Wednesday 3 January 2018

The Island - Victoria Hislop

The acclaimed million-copy number one bestseller and winner of Richard & Judy's Summer Read 2006 from Victoria Hislop is a dramatic tale of four generations, rent by war, illicit love, violence and leprosy, from the thirties, through the war, to the present day.

On the brink of a life-changing decision, Alexis Fielding longs to find out about her mother's past. But Sofia has never spoken of it. All she admits to is growing up in a small Cretan village before moving to London. When Alexis decides to visit Crete, however, Sofia gives her daughter a letter to take to an old friend, and promises that through her she will learn more.

Arriving in Plaka, Alexis is astonished to see that it lies a stone's throw from the tiny, deserted island of Spinalonga - Greece's former leper colony. Then she finds Fotini, and at last hears the story that Sofia has buried all her life: the tale of her great-grandmother Eleni and her daughters and a family rent by tragedy, war and passion. She discovers how intimately she is connected with the island, and how secrecy holds them all in its powerful grip...

What did I think?

When I read my first Victoria Hislop book, The Sunrise, I just knew that I had to read all of her other books, so I was delighted when my fairy godsister offered to loan me her copy of The Island which was Victoria Hislop's first novel.  What an amazing debut, it's absolutely breathtaking and it affected me so much that I found myself getting quite emotional quite a few times.

I have never been to Crete but my parents have been and I heard all about their trip to Spinalonga - the famous Greek leper colony.  What Victoria Hislop does so cleverly is that she breathes new life into history by creating characters you take to your heart so that you walk every step and feel every emotion with them.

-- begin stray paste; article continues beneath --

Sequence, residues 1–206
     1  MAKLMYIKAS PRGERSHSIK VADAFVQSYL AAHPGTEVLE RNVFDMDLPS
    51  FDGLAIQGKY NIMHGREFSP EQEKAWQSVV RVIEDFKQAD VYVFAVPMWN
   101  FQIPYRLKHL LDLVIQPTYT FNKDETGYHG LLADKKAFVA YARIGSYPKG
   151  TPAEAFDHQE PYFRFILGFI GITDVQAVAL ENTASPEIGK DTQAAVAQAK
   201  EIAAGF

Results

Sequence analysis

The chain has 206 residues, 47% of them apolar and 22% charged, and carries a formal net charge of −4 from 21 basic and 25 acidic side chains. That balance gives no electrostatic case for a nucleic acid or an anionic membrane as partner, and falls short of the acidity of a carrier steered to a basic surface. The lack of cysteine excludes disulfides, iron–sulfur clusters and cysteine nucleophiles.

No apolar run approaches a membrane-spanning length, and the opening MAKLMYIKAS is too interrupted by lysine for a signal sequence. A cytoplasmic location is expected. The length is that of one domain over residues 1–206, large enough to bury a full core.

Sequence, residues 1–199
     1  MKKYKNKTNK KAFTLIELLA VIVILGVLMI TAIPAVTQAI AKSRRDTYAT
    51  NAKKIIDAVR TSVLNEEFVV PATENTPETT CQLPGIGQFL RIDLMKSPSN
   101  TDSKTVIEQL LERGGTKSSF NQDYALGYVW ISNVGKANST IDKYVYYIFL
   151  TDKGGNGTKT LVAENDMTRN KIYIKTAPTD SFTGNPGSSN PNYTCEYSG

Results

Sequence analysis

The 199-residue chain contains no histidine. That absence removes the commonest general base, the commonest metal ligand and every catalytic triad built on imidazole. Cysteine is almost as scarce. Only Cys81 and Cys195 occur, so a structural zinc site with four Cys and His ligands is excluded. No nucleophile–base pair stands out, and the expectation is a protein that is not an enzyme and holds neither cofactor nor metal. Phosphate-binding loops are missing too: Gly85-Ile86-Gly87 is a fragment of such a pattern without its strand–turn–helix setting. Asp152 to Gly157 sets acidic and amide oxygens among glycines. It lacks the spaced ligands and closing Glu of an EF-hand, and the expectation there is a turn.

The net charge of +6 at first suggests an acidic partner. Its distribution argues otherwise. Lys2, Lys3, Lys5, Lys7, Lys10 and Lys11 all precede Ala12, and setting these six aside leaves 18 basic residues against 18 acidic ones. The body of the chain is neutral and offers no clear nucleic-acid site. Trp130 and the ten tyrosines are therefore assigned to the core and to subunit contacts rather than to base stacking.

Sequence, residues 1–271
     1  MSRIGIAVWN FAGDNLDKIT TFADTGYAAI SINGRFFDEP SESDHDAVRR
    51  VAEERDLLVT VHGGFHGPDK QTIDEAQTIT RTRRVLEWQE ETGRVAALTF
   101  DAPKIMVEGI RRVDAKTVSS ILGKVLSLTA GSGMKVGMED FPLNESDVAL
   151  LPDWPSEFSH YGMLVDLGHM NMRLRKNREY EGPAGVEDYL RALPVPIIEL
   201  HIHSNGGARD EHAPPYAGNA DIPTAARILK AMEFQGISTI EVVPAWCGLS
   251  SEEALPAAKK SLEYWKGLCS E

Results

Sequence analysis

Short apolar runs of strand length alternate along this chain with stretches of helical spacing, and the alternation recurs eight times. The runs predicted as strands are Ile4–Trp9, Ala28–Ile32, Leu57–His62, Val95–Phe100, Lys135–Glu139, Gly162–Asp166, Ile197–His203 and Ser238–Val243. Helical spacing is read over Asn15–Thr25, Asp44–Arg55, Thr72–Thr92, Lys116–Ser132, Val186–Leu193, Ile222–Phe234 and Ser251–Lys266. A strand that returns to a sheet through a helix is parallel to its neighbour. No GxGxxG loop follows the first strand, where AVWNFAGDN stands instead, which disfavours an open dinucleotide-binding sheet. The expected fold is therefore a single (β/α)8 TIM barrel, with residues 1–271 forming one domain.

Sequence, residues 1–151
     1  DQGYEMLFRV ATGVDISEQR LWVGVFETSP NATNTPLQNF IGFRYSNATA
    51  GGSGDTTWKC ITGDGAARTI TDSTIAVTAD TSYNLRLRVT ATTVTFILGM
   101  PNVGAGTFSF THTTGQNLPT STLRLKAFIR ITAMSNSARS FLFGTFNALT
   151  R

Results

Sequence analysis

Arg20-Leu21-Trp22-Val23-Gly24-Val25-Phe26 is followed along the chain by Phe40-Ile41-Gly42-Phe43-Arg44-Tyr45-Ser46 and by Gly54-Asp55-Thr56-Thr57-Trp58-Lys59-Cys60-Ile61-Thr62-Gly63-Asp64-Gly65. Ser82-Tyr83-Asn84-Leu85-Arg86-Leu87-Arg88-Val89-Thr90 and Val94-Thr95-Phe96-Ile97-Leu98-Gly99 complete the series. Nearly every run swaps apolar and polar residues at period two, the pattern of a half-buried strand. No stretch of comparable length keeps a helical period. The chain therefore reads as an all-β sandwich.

The story starts in 2001 with Alexis Fielding visiting the small fishing village of Plaka to find out about her family history, it's a bit of an excuse to get away from her boyfriend for a few days on their holiday to Crete.  Alexis carries a letter from her mother, Sofia, to her old friend Fotini which asks Fotini to tell Alexis the story that Sofia can't bring herself to tell her daughter.  So the story rolls back to 1939 beginning with Sofia's grandparents, Georgis and Eleni, and their two daughters Anna and Maria.  The family are heartbroken when leprosy curses their house and a life on Spinalonga beckons for Eleni, but this isn't the only secret that Sofia has kept hidden from Alexis.

The story of Spinalonga is absolutely fascinating and I could imagine people's fear of leprosy before it was fully understood.  It's so sad to think that people could have been going about their everyday lives then noticing an odd patch of skin and before they know it they are ripped from their family and sent to live on the island.  It must have been soul destroying to be so close to mainland Crete but hopefully the residents made the best of it, as they did in this book.  This multi-coloured, hopeful and beautiful story is the history of Spinalonga that I want to remember and The Island is not a book I will ever forget.

A beautiful, breathtaking debut that breathes new life into this mysterious island and reveals its colourful history so vividly through Victoria Hislop's descriptive and emotional prose.  A definite recommended read and one that I will read again.

My rating:

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